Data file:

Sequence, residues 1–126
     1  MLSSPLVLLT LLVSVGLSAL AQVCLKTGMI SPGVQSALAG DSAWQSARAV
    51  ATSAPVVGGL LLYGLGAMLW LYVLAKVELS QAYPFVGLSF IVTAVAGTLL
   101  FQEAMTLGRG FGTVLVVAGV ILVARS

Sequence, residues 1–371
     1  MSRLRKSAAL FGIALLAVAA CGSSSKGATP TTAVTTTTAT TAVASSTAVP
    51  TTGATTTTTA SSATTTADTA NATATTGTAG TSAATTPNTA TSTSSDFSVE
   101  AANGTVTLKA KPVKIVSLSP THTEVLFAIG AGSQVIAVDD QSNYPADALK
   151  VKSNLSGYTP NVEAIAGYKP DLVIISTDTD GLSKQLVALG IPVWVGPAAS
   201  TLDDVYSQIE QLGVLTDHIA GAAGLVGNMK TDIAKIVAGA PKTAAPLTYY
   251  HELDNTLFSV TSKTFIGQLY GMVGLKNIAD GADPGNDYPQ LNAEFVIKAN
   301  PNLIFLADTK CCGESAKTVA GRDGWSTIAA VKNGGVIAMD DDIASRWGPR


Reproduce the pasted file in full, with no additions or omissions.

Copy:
Sequence, residues 1–126
     1  MLSSPLVLLT LLVSVGLSAL AQVCLKTGMI SPGVQSALAG DSAWQSARAV
    51  ATSAPVVGGL LLYGLGAMLW LYVLAKVELS QAYPFVGLSF IVTAVAGTLL
   101  FQEAMTLGRG FGTVLVVAGV ILVARS

Sequence, residues 1–371
     1  MSRLRKSAAL FGIALLAVAA CGSSSKGATP TTAVTTTTAT TAVASSTAVP
    51  TTGATTTTTA SSATTTADTA NATATTGTAG TSAATTPNTA TSTSSDFSVE
   101  AANGTVTLKA KPVKIVSLSP THTEVLFAIG AGSQVIAVDD QSNYPADALK
   151  VKSNLSGYTP NVEAIAGYKP DLVIISTDTD GLSKQLVALG IPVWVGPAAS
   201  TLDDVYSQIE QLGVLTDHIA GAAGLVGNMK TDIAKIVAGA PKTAAPLTYY
   251  HELDNTLFSV TSKTFIGQLY GMVGLKNIAD GADPGNDYPQ LNAEFVIKAN
   301  PNLIFLADTK CCGESAKTVA GRDGWSTIAA VKNGGVIAMD DDIASRWGPR